Prokofiev: Symphony No.5; lieutenant Kijé Suite

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4.0 out of 5 star rating 4.0

COMPOSERS: Prokofiev
LABELS: Telarc
ALBUM TITLE: Prokofiev
WORKS: Symphony No.5; lieutenant Kijé Suite
PERFORMER: Cincinnati SO/Paavo Jarvi.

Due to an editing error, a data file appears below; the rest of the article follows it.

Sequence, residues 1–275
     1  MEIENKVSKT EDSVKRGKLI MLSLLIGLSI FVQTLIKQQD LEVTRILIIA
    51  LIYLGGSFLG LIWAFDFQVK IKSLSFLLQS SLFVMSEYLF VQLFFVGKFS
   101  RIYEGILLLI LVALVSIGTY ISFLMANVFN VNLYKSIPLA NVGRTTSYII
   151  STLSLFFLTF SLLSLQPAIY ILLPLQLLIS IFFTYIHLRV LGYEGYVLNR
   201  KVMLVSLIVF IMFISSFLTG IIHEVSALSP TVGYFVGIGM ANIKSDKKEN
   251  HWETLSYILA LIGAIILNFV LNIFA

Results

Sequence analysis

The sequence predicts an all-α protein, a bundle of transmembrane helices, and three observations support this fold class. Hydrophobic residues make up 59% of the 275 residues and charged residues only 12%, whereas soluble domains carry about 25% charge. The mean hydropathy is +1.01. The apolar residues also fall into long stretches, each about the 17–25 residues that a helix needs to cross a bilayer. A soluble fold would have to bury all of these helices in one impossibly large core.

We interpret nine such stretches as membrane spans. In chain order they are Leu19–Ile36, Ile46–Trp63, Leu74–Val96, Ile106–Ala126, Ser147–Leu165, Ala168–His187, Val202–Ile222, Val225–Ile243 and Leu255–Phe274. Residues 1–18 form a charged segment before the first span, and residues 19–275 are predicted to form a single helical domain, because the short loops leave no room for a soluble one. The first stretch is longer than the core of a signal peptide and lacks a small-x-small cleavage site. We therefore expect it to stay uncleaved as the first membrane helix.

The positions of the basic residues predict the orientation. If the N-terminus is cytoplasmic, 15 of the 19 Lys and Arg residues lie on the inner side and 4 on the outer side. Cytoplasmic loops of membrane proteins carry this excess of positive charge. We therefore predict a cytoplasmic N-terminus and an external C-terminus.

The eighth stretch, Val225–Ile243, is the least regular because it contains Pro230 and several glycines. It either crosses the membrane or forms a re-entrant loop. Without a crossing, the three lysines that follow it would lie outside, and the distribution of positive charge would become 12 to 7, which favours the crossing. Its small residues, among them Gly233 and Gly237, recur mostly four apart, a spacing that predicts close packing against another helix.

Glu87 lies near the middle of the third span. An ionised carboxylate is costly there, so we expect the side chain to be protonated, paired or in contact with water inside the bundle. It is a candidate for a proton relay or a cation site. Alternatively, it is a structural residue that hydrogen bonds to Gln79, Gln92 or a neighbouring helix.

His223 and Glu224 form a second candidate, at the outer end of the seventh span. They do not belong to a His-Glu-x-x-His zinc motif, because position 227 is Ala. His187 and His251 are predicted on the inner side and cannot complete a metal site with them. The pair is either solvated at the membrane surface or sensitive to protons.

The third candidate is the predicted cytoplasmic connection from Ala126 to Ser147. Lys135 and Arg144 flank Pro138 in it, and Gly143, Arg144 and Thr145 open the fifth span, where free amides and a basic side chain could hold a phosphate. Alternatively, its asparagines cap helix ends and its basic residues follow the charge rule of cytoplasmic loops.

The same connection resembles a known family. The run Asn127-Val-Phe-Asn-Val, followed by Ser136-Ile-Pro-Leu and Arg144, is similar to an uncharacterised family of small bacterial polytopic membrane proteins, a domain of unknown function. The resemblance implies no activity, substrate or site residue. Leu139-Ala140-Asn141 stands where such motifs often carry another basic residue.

Many American orchestras have cut a swathe through Prokofiev’s most brazen Soviet Symphony, with the Cleveland under Szell and Bernstein’s New York Phil at the top of the list, but the Cincinnatians here don’t quite match them. Certainly the bucolic opening is nicely introspective, mindful of the journey it will have to travel before it acquires a tougher physiognomy, and Paavo Jarvi’s finest moment comes in the Adagio, slower and more inward than his father Neeme’s otherwise vivd performance with the SNO on Chandos. But the obstacles of the war machine in the first movement and the sarcasms of the scherzo need to bite deeper, as they do in Jurowski’s more incisive recent account (reviewed in January). Jarvi is almost as good on detail – the bass clarinet in the scherzo and the louring tuba lines are striking throughout, while the violins come through loud and clear in what is usually the welter of the finale’s monstrous final coda – if only the recording had allowed the kind of epic space around the sound we find in Tilson Thomas’s LSO reading (sony). With the latter currently unavailable , Tennestedt on Profil Hanssler makes a surprisingly weight benchmark. Kijé is framed by ideally cool, perfectly distanced cornet solos. Again, the more reflective numbers come off best, but the performance could do with more of Abbado’s Chicago brightness.